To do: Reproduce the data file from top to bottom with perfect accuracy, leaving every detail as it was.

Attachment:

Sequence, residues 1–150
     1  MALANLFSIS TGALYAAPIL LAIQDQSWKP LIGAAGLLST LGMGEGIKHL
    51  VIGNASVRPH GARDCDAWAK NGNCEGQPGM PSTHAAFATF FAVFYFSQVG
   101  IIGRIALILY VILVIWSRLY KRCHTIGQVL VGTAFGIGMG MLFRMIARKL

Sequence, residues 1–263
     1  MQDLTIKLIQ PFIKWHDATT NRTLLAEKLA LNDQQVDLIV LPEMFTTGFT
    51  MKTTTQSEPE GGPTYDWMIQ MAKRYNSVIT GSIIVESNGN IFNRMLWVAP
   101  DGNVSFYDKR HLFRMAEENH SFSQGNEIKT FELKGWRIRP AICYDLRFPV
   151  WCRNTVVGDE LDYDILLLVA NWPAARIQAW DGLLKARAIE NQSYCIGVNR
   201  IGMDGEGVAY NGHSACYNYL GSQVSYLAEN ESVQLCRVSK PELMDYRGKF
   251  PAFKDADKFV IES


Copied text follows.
Sequence, residues 1–150
     1  MALANLFSIS TGALYAAPIL LAIQDQSWKP LIGAAGLLST LGMGEGIKHL
    51  VIGNASVRPH GARDCDAWAK NGNCEGQPGM PSTHAAFATF FAVFYFSQVG
   101  IIGRIALILY VILVIWSRLY KRCHTIGQVL VGTAFGIGMG MLFRMIARKL

Sequence, residues 1–263
     1  MQDLTIKLIQ PFIKWHDATT NRTLLAEKLA LNDQQVDLIV LPEMFTTGFT
    51  MKTTTQSEPE GGPTYDWMIQ MAKRYNSVIT GSIIVESNGN IFNRMLWVAP
   101  DGNVSFYDKR HLFRMAEENH SFSQGNEIKT FELKGWRIRP AICYDLRFPV
   151  WCRNTVVGDE LDYDILLLVA NWPAARIQAW DGLLKARAIE NQSYCIGVNR
   201  IGMDGEGVAY NGHSACYNYL GSQVSYLAEN ESVQLCRVSK PELMDYRGKF
   251  PAFKDADKFV IES